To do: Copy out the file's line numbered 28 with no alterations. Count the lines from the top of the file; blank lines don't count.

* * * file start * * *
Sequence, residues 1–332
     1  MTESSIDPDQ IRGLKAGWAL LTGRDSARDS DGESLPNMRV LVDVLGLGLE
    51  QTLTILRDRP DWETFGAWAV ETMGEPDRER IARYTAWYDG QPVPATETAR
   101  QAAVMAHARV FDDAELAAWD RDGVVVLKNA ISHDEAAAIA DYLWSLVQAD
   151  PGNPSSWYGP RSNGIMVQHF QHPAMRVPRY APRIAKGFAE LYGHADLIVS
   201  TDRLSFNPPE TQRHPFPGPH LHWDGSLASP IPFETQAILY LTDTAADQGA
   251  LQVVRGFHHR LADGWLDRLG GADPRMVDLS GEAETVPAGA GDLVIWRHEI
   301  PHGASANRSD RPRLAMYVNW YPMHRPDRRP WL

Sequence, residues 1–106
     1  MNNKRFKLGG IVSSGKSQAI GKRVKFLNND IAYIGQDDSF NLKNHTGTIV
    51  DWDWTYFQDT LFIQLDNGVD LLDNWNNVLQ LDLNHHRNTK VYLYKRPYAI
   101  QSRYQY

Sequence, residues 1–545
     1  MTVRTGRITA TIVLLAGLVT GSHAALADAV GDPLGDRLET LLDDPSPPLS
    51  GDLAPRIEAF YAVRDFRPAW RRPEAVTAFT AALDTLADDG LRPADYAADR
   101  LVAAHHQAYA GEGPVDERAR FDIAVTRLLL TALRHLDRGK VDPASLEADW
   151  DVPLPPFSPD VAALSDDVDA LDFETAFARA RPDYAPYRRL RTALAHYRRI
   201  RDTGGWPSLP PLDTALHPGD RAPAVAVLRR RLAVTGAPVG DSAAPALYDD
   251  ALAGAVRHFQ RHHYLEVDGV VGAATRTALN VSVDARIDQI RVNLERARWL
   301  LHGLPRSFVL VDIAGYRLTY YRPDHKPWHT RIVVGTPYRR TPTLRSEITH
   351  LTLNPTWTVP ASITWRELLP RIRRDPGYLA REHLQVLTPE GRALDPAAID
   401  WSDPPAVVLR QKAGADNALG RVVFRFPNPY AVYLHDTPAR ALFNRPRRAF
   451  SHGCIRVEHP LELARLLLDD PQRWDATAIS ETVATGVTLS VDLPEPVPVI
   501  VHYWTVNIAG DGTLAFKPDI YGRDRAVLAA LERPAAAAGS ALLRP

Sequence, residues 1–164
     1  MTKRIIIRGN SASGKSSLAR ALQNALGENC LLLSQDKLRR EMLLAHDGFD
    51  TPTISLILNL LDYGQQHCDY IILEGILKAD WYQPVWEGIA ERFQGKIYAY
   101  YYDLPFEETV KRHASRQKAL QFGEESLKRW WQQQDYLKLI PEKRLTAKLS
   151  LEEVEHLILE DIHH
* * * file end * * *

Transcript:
   101  YYDLPFEETV KRHASRQKAL QFGEESLKRW WQQQDYLKLI PEKRLTAKLS